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Fig. 10 | Swiss Journal of Geosciences

Fig. 10

From: Magmatic and tectonic history of Jurassic ophiolites and associated granitoids from the South Apuseni Mountains (Romania)

Fig. 10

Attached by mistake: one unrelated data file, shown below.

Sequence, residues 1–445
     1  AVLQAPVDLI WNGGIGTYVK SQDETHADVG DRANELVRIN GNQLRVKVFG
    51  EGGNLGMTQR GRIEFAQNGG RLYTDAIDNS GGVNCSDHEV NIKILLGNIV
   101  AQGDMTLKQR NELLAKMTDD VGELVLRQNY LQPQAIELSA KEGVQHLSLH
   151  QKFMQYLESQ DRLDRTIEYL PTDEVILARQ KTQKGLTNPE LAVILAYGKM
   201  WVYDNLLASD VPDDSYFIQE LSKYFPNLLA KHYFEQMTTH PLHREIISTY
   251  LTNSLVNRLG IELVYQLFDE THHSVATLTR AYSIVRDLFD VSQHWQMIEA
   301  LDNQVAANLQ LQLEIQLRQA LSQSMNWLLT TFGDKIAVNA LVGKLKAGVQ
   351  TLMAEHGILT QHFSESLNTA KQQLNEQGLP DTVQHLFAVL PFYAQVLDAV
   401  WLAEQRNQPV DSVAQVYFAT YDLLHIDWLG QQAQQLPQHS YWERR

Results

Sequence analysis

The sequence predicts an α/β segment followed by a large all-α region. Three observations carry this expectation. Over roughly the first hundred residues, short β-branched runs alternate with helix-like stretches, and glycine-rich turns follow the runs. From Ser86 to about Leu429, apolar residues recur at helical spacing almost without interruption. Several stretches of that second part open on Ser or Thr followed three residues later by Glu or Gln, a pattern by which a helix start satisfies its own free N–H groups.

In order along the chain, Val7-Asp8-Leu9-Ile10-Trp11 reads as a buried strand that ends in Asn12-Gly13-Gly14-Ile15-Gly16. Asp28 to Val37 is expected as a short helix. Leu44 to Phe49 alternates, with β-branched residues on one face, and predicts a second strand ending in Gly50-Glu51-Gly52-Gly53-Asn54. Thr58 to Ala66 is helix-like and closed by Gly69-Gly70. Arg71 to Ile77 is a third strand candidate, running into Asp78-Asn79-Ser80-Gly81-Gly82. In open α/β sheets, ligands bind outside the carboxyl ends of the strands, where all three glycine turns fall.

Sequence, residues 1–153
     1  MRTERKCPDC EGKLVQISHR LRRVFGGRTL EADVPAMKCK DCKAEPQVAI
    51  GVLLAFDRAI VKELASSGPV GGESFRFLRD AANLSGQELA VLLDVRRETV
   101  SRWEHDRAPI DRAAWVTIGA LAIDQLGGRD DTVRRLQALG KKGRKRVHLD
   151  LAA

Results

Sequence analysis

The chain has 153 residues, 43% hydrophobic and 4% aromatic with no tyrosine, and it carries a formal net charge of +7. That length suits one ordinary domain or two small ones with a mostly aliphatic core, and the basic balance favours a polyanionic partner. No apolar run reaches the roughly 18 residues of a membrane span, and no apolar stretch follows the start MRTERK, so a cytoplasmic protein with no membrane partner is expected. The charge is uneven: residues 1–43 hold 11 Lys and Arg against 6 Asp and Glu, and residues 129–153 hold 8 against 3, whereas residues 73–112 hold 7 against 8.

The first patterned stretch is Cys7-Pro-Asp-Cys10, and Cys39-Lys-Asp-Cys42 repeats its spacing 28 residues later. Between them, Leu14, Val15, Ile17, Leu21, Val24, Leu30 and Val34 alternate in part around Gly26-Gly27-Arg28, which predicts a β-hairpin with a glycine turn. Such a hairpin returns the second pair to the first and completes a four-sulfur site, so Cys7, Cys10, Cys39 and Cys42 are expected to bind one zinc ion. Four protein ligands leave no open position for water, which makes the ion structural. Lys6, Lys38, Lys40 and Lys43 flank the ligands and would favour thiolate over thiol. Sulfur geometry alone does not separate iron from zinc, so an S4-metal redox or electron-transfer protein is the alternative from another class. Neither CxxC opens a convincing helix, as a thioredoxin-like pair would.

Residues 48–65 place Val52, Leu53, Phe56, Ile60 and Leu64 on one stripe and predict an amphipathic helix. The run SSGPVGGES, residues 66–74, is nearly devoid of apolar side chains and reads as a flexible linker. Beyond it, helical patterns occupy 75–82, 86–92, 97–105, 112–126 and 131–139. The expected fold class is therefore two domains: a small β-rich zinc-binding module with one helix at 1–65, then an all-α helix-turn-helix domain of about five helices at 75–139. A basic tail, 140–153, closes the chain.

Paleogeographic sketch maps and profiles for 160 Ma (Oxfordian) and 152 Ma (Kimmeridgian–Tithonian boundary), respectively. The figures are modified after Schmid et al. (2008), Kounov and Schmid (2013) and Božović et al. (2013); they also take into account that the ALCAPA, Tisza, and Dacia Mega-Units rifted off Europe side by side when the Alpine Tethys opened (e.g. Klötzli et al. 2004), and partly follow unpublished GPlates reconstructions by Douwe van Hinsbergen. While certain details in a, b remain speculative, the evolutionary scheme presented in c, d is strongly supported by the new data presented. The abbreviations for cities in a and b are as follows: G Geneva; V Vienna; B Bucharest; I Istanbul. a Figure illustrating spreading in an intra-oceanic back arc basin in the South Apuseni area; in Macedonia (FYROM) and Greece back arc spreading was ensialic and split off a continental fragment of the Circum-Rhodope belt; the Paikon arc formed on this continental fragment; b figure showing the emplacement of East Vardar ophiolites and Circum-Rhodope belt onto Dacia. Note that the so-called Circum-Rhodope realm includes E-Vardar ophiolites, island arc complexes and Dacia-derived continental crust (e.g. Bonev et al. 2015); ce schematic cross sections (not to scale) showing evolution steps of the South Apuseni ophiolites during the Late Jurassic. c Formation of the South Apuseni ophiolites in a back-arc basin (~160 Ma, Oxfordian). d Slab roll-back in the East Vardar realm and onset of island arc magmatism within the Apuseni ophiolites (~157 Ma, Early Kimmeridgian). e Collision of the Apuseni island arc with the Dacia Mega-Unit and obduction of the ophiolites and island arc granitoids onto the continental margin. A similar evolution occurred in the southern parts of the East Vardar ophiolites that are now part of the Circum-Rhodope belt (Zachariadis 2007; Božović et al. 2013), where a continental arc (Paikon arc) formed on a narrow continental ribbon that split off the Dacia Mega-Unit (see a)

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